The only downside of having so many speakers at the AHS is that we had to choose between two for each hour.

    Reply
  10. CeeBee

    I’ve been thinking about those slides Dr. Eenfeldt used in his presentation that depicted the rise in obesity in the U.S. over the past 27 years. I live in MS and I was shocked to notice that in 27 years my state’s population has gone from less than 10% obesity to over 30%. How can this be?

    I’ve been wondering how the CDC measures “obese” and “overweight.” Can it be possible that we are not really any more fat than we’ve always been, but they’ve changed the definitions of “overweight” and “obese” on us?

    We’ve gotten fatter on average, but those figures are exaggerated, as I pointed out in the film. Our population is 10 years older on average than 30 years ago, and it’s not unusual for people to get heavier as they age. The real worry is the number of fat kids and the rise in rates of diabetes.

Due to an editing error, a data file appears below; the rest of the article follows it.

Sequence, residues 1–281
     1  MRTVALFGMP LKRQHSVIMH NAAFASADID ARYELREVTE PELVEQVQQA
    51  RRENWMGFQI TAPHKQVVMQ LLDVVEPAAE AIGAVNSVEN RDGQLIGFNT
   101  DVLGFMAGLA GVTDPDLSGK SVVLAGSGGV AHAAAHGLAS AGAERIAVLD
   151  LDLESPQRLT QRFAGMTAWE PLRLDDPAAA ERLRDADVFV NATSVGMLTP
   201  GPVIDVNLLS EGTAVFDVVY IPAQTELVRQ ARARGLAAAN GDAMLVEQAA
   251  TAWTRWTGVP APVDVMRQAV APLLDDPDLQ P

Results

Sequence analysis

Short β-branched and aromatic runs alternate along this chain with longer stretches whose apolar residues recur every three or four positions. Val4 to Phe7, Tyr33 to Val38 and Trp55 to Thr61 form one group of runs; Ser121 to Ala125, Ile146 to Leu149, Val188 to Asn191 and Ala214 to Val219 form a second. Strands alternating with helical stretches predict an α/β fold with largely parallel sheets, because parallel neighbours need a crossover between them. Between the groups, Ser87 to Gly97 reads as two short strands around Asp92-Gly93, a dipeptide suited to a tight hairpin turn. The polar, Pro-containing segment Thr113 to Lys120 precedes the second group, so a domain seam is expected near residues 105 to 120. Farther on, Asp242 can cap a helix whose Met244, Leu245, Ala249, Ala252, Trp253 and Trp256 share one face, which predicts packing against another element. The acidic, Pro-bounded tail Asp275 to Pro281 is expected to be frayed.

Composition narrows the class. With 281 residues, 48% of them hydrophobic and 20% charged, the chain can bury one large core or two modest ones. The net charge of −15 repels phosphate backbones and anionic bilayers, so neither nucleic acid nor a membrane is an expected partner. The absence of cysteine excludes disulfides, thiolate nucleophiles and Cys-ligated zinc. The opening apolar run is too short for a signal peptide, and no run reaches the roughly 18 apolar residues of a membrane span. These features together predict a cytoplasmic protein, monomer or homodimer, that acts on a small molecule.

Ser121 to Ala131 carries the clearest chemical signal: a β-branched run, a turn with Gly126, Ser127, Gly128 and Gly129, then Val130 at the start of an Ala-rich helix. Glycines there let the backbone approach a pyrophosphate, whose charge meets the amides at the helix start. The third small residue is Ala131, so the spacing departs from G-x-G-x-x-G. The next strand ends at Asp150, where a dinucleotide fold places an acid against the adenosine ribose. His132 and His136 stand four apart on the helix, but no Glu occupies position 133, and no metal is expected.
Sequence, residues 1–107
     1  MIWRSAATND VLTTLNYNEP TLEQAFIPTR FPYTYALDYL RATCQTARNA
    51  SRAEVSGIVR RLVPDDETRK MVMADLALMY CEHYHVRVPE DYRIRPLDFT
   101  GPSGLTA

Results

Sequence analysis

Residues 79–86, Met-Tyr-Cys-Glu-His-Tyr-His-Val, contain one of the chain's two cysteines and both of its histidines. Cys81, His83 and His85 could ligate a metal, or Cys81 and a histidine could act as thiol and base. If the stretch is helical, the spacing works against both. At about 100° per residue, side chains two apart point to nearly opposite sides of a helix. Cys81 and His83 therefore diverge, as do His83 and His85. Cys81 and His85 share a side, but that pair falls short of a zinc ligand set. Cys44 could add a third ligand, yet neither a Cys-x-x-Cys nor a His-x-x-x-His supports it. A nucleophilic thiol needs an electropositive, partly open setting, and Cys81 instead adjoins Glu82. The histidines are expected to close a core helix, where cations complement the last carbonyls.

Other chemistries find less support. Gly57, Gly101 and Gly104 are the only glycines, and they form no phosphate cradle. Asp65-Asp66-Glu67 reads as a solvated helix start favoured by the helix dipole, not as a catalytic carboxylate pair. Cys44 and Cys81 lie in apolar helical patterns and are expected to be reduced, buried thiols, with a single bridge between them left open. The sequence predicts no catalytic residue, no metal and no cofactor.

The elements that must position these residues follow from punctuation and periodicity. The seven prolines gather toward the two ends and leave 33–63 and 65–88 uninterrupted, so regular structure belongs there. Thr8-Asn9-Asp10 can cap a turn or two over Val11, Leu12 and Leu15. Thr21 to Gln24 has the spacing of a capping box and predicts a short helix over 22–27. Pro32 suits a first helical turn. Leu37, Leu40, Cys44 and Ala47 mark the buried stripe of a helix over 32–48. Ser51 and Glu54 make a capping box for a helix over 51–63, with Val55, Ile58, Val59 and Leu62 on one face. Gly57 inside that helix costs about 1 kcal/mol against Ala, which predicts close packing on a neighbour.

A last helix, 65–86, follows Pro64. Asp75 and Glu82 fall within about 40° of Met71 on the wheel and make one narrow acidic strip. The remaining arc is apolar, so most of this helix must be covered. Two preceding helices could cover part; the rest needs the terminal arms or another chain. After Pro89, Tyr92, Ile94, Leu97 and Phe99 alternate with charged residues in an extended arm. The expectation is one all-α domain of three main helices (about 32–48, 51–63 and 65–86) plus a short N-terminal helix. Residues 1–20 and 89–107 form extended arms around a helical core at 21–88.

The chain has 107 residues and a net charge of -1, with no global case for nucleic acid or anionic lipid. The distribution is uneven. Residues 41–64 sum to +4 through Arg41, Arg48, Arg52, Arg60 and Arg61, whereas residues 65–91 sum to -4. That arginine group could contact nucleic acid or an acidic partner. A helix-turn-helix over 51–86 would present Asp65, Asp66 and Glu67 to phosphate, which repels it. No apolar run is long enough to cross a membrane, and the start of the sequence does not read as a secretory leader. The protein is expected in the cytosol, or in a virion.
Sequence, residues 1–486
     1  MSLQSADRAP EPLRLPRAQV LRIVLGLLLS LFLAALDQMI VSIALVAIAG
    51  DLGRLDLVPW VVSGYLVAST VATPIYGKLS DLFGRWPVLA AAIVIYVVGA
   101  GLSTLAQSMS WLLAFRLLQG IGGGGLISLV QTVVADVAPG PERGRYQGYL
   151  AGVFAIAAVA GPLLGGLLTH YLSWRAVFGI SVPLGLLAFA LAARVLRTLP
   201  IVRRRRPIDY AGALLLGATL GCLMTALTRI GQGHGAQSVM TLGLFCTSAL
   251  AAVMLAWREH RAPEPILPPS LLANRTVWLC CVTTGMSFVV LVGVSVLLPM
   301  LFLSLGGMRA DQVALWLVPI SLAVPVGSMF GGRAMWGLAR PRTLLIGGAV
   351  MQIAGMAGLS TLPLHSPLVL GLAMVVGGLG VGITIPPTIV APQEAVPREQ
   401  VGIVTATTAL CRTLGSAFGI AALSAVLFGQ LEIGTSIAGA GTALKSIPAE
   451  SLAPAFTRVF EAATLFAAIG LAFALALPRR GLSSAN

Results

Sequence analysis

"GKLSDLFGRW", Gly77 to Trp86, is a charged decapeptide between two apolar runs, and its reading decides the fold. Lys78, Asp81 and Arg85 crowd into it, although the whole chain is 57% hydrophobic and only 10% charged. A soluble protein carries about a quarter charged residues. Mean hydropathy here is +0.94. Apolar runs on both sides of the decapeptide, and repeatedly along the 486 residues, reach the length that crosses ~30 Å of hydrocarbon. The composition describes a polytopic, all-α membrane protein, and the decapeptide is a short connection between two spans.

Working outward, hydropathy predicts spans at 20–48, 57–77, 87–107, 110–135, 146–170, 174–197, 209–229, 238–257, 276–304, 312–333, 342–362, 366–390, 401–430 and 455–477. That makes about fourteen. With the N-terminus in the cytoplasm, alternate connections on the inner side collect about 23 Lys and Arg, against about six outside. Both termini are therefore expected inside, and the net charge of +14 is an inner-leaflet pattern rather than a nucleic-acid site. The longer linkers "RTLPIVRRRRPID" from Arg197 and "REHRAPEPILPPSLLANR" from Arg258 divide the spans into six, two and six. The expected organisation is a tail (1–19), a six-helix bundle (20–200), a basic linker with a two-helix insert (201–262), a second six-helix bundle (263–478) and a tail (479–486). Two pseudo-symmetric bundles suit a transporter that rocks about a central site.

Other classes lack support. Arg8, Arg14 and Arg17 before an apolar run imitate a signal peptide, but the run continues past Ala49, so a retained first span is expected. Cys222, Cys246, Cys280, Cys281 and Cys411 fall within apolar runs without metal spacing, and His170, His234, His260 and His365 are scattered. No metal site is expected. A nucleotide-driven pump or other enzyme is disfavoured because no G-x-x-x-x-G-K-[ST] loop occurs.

Reply
  11. Josh

    Hi Tim.

    What is your opinion on sprouted wheat? Any difference between that stuff and the “run of the mill” wheat? A lot of the companies who offer this product claim they are more easily digestible carbohydrates. Sounds hinky to me.

    From what I’ve read, sprouted grains are better — many of the lectins are neutralized in the process — but I wouldn’t want to eat sprouted mutant wheat.

    Reply
  12. CeeBee

    I’ve been thinking about those slides Dr. Eenfeldt used in his presentation that depicted the rise in obesity in the U.S. over the past 27 years. I live in MS and I was shocked to notice that in 27 years my state’s population has gone from less than 10% obesity to over 30%. How can this be?

    I’ve been wondering how the CDC measures “obese” and “overweight.” Can it be possible that we are not really any more fat than we’ve always been, but they’ve changed the definitions of “overweight” and “obese” on us?

    We’ve gotten fatter on average, but those figures are exaggerated, as I pointed out in the film. Our population is 10 years older on average than 30 years ago, and it’s not unusual for people to get heavier as they age. The real worry is the number of fat kids and the rise in rates of diabetes.

    Reply
  13. Josh

    Hi Tim.